|PROJECT NAME||Scottish Beach House|
|SQ. FT.||3,000 SQF|
It’s a long way, geographically, chronologically, and stylistically, from London in the 1870’s to the Scottish coast today. Connecting them is David Weir, director of Edinburgh’s Dovecot Studios, an offshoot of the tapestry-weaving concern established by William Morris. However, you won’t find any arts and crafts touches in the house where David and Tibi Weir and their two teenage children spend weekends and holidays.
Replacing a clunky 1970’s bungalow in Elie—a harbor town in a part of Scotland traditionally known as the Kingdom of Fife—the house’s straightforward form was designed to pay tribute to “the big, pale, southern sky,” WT Architecture principal William Tunnell says. “Against the sky, the zinc roof that wraps down provides a nice, sympathetic tonal effect.” Zinc is also a reference to the 19th-century metal boat sheds that pepper the environs.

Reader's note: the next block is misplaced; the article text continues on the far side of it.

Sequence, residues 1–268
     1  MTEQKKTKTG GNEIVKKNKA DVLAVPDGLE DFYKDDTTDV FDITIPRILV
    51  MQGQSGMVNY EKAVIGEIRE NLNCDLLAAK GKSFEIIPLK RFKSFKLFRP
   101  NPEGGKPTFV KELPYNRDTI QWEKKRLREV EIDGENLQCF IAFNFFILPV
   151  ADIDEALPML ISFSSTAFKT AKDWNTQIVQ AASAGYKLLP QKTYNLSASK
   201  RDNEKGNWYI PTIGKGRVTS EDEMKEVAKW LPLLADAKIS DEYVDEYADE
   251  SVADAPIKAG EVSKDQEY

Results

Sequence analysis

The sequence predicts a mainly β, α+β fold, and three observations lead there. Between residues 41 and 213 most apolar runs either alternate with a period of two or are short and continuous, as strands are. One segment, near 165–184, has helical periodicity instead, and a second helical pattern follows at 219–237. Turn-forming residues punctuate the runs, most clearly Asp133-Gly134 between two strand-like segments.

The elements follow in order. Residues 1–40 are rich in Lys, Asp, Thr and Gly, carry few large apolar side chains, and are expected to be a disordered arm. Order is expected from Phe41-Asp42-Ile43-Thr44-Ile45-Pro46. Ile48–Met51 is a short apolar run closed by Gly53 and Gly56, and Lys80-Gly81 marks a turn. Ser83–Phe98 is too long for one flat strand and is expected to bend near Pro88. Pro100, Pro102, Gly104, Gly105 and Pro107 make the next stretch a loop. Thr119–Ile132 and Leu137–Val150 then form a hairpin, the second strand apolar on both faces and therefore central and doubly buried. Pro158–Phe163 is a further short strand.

The 3,000-square-foot house has two wings, plus a glass connector where the entry is. In the main wing, the downstairs centers on an open living-dining area and kitchen. The other wing contains a game room and a sleeping loft. Both offer window walls that frame views of the Firth of Forth, a lighthouse, and Edinburgh on the opposite coast. “As the tide flows in and out, colors reflect off the golden beach and the water,” Tunnell says.
To capture those reflections, he rendered everything inside “as clean and simple as possible,” he says. “Materials needed to be durable, so the family and their friends can run in with sandy feet.” Flooring on the ground level is screed concrete. In the kitchen, counters in black solid-surfacing top cabinetry in Douglas fir plywood. “We were keen that masonry details weren’t too fussy,” he adds. “For example, you can see the aggregate and air holes in the concrete of the living area’s hearth.” And raw OSB clads the game room and loft.
Tibi Weir, whose company, Temper & Zest, sells design-led gifts, was responsible for the furnishings and the artwork. A favorite is an original 1960’s James Bond poster for the French version of On Her Majesty’s Secret Service.